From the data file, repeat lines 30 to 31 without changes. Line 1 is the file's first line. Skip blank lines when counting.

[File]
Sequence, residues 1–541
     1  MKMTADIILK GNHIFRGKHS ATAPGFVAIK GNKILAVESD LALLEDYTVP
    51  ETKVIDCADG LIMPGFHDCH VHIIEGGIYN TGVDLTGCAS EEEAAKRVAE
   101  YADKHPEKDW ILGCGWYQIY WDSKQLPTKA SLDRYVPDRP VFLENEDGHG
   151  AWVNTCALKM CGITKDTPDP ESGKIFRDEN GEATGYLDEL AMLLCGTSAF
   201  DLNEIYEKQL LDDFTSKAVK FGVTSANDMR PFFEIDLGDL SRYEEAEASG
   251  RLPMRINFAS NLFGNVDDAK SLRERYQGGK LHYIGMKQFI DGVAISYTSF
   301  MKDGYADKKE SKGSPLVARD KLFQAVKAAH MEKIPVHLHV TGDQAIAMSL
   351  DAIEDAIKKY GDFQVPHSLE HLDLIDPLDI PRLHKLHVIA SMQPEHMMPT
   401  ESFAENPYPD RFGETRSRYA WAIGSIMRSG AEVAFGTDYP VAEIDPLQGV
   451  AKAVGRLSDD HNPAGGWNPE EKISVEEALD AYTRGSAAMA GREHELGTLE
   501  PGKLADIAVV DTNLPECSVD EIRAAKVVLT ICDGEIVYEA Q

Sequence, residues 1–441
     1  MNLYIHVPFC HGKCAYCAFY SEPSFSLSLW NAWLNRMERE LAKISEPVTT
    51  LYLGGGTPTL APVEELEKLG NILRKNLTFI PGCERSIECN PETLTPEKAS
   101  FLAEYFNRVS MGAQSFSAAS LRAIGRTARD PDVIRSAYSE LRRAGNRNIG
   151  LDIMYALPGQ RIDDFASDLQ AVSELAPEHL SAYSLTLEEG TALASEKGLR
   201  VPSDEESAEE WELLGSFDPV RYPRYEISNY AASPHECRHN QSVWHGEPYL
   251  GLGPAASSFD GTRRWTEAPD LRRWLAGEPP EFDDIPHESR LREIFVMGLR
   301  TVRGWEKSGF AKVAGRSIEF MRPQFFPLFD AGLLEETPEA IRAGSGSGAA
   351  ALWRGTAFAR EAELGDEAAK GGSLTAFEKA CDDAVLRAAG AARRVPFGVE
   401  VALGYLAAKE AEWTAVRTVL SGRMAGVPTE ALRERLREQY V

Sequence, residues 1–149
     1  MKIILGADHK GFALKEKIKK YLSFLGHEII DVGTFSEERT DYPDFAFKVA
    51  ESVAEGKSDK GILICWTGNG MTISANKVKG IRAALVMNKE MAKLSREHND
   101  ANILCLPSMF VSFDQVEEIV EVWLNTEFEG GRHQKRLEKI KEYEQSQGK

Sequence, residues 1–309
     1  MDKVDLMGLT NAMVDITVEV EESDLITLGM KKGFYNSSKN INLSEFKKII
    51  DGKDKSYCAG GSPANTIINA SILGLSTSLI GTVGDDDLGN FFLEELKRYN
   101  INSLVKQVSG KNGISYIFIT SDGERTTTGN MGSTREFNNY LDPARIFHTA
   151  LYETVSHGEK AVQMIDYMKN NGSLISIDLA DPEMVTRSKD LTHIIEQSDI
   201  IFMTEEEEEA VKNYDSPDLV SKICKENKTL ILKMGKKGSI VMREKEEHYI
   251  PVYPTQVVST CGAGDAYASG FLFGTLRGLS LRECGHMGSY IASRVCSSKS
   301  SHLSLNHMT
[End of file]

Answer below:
   101  INSLVKQVSG KNGISYIFIT SDGERTTTGN MGSTREFNNY LDPARIFHTA
   151  LYETVSHGEK AVQMIDYMKN NGSLISIDLA DPEMVTRSKD LTHIIEQSDI